... as an anticlimactic avoidance of the bind of desire. If desire drives beyond any terms in which its target can be represented, what compels William Langland is finally the unrelenting character of the demands to which the subject can never be adequate. Copyright © 2015 by University of Washington 2015 sin...
Journal Article
Modern Language Quarterly (1963) 24 (1): 42–52.
Published: 01 March 1963
... and the final version of the ode.2 Many critics have commented upon the poor organization of the final poem, but many others have praised the poem’s aesthetic unity- for a rather varied set of reasons. One critic found unity through the illuminating symbolism of the green light. Another...
Journal Article
Modern Language Quarterly (1953) 14 (2): 184–198.
Published: 01 June 1953
... we use [ae:] where Reed has /e/. (See IV, 12.) (3) We use I where Reed uses /a (See VIII.) (4) We use [a] where Reed uses /e/. This we justify not only on the grounds that it is phonetically more accurate, but also because [el sometimes occurs in final unaccented position...
Journal Article
Modern Language Quarterly (1943) 4 (1): 113–114.
Published: 01 March 1943
... the sounding of final -e before a vowel-beginning word, or, vice versa, the silenc- ing of the -e before a consonant. These exceptions have been care- fully set forth in the systematically arranged “Demonstration” which constitutes the major part of this book, and are restricted to modern...
Journal Article
Modern Language Quarterly (1977) 38 (4): 323–335.
Published: 01 December 1977
...- such interpretations are unsatisfying to me. If there is no transcendent pattern of meaning in the universe of Shakespearean tragedy, what distinguishes the tragic from pathos on one hand and absurdity on the other? The difference, I think, lies in the man-made significance created by the hero’s final...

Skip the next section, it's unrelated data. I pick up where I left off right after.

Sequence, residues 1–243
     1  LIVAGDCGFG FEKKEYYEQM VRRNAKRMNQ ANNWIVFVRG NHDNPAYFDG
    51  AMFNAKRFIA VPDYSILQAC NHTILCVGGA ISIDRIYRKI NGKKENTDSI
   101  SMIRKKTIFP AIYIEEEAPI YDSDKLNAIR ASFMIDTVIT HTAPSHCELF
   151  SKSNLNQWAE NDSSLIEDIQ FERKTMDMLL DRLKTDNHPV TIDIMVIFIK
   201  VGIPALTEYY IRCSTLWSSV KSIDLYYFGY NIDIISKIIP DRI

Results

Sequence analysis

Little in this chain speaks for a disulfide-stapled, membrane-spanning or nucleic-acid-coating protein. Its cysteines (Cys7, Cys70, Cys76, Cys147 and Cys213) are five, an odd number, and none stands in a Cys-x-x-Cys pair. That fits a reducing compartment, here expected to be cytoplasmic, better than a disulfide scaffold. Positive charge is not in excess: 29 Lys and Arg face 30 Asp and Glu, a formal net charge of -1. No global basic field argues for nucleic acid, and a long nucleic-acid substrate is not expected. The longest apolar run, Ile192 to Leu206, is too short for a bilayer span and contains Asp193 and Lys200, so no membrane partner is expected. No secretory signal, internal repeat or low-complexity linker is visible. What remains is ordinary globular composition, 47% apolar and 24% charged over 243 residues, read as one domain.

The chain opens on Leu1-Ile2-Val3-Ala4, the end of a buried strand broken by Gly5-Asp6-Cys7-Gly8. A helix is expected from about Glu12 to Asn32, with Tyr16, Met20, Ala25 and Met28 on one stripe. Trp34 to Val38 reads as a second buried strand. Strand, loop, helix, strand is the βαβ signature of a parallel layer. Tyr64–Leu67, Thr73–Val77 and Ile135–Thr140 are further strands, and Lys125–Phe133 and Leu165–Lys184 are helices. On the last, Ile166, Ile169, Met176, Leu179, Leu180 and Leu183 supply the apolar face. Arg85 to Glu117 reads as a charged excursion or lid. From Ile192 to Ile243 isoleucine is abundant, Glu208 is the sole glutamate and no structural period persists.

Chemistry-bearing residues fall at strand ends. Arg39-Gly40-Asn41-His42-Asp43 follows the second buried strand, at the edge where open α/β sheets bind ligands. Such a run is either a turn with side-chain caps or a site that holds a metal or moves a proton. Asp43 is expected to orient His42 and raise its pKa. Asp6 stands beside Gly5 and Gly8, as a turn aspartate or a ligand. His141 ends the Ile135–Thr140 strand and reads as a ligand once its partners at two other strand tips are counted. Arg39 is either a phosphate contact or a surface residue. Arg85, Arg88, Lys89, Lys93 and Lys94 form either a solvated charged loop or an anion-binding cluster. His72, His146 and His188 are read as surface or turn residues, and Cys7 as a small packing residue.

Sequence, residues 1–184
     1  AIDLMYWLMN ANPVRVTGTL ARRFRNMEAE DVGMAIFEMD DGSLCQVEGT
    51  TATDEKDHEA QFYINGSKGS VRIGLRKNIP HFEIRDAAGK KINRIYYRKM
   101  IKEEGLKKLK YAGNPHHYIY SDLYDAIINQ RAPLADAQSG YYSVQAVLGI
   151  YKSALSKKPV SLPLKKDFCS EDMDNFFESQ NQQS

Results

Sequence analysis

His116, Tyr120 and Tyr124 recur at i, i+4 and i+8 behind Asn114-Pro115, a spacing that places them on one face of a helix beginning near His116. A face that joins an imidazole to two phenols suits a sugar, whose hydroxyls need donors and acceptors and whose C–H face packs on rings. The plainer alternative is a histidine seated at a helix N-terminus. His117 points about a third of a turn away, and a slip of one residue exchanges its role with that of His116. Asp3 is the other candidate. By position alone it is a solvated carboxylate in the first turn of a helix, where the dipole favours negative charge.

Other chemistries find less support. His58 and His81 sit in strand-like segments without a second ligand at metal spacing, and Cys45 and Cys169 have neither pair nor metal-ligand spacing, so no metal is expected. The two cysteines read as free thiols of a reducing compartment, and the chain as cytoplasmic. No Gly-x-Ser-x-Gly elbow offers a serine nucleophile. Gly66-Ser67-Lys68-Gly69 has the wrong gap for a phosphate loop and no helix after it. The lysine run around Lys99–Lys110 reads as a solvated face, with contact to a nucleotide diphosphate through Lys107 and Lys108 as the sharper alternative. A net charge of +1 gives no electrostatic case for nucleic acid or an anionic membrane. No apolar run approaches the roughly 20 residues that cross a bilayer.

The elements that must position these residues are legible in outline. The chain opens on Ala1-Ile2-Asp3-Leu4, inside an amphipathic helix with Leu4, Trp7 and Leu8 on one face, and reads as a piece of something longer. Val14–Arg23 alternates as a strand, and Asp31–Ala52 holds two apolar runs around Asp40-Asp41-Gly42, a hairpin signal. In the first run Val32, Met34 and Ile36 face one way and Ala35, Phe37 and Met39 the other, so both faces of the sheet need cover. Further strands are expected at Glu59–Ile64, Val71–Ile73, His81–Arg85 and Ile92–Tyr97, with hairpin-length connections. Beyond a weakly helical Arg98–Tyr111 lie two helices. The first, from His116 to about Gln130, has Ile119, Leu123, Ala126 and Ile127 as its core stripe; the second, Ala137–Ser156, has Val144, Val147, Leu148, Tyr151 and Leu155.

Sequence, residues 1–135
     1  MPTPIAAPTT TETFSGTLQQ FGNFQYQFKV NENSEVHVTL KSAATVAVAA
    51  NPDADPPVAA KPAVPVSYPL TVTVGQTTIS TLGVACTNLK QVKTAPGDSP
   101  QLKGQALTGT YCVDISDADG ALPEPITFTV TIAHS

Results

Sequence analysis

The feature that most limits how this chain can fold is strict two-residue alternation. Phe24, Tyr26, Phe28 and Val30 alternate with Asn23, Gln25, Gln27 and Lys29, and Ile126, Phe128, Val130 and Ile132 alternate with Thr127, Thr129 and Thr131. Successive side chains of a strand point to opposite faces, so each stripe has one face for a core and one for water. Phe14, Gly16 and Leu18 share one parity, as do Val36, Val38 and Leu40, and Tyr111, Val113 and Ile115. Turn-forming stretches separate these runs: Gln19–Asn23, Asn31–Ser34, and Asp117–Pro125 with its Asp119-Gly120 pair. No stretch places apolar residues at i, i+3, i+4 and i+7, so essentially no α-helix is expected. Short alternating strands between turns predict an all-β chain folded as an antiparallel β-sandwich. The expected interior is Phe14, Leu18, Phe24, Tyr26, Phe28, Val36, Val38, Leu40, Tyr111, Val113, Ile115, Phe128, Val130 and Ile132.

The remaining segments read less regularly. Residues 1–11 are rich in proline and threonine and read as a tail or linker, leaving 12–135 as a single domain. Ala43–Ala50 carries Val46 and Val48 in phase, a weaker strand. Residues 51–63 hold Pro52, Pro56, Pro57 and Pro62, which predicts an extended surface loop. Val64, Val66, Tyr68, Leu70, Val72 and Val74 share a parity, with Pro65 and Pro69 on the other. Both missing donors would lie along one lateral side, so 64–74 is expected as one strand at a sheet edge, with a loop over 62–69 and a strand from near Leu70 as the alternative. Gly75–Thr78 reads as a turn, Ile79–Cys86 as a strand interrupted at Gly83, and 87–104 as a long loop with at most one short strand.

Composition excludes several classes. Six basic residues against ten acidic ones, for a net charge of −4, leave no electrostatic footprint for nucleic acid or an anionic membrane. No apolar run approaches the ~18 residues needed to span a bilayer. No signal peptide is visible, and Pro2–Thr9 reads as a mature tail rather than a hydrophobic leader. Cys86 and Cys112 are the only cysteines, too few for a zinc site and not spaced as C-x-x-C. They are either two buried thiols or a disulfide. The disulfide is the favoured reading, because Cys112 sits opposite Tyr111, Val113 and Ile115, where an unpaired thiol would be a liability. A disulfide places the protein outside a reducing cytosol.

Journal Article
Modern Language Quarterly (1968) 29 (4): 439–449.
Published: 01 December 1968
... and objective normalcy. We move from Benjy’s confused sensations to Quentin’s twisted obsessiveness, to Jason’s “logical rational contained”2 literalness, and finally to the ob- jective, omniscient third-person narration of the last section. The char- acter dominating but not narrating this last section...
Journal Article
Modern Language Quarterly (1961) 22 (1): 91–94.
Published: 01 March 1961
... because of the differing drafts of individual poems and because of the many rough or semi-final drafts in which no choice has been indicated among the variants clustered around the margins and between the lines. Though there will inevitably be continuing scholarly quibbling about the choice...
Journal Article
Modern Language Quarterly (1976) 37 (1): 47–67.
Published: 01 March 1976
..., which also epitomize the doubts of his age. These appear sporadically in the first half of the poem, most notably in sections 54-56. They in- creasingly dominate the last part of In Memoriam. Their final resolu- tion is less a form of psychological catharsis than of intellectual...
Journal Article
Modern Language Quarterly (1961) 22 (2): 158–166.
Published: 01 June 1961
... of a belief on the mind by a consistent effort of will-began to rise. Both were to acquire great, though never decisive, importance for Ganivet, Unamuno, and Bar0ja, in all of whom there tends to prevail a certain pessimism with regard to the related problems of death, finality, and the power...
Journal Article
Modern Language Quarterly (1996) 57 (3): 449–477.
Published: 01 September 1996
... consciousness, but also to fetch as profit, revenue, also again to recant or retract. The Classical Top 40 The finales of multimovement classical compositions sometimes reprise material introduced in earlier movements. Musical aesthetics familiarly regards this technique as a source or sign...